President Nixon and South Vietnamese President Nguyen Van Thieu meet at Midway Island in the Pacific. At the meeting, Nixon announced that 25,000 U.S. troops would be withdrawn by the end of August. Nixon and Thieu emphasized that South Vietnamese forces would replace U.S. forces. Along with this announcement of the first U.S. troop withdrawal, Nixon discussed what would become known as “Vietnamization.” Under this new policy, Nixon intended to initiate steps to increase the combat capability of the Republic of Vietnam Armed Forces so that the South Vietnamese would eventually be able to assume full responsibility for the war.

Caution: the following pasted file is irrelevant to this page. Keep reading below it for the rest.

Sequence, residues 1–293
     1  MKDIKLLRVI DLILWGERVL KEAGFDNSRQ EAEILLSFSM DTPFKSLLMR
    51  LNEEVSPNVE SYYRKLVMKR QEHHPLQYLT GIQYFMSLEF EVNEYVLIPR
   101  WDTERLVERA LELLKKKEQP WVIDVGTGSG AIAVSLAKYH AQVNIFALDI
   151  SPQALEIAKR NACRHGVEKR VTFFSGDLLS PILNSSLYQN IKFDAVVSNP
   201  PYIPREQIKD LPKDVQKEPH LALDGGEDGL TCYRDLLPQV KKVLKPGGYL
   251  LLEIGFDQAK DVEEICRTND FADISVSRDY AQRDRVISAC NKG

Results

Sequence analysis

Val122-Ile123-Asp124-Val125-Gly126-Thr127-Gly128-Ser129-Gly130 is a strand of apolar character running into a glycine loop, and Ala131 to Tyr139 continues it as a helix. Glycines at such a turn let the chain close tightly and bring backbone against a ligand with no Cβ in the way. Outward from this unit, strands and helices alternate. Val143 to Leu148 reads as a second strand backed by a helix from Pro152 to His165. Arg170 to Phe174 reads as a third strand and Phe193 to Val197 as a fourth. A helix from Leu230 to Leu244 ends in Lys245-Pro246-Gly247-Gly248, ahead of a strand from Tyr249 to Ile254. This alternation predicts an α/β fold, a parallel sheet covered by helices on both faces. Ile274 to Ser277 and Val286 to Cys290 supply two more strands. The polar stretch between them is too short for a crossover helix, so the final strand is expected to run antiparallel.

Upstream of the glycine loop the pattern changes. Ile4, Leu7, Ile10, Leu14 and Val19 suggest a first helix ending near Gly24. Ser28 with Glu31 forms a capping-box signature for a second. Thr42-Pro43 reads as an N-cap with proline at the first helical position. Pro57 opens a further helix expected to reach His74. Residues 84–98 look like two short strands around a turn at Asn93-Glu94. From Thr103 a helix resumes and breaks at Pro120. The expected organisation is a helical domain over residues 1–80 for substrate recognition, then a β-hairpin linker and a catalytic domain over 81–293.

After the initial withdrawal was accomplished in August, 14 more increments departed between late 1969 and 1972. By the time the Paris Peace Accords were signed in January 1973, there were only 27,000 U.S. troops left in South Vietnam (down from a high of over 540,000 in April 1969). These remaining personnel were withdrawn in March 1973 in accordance with the provisions of the Paris Peace Accords.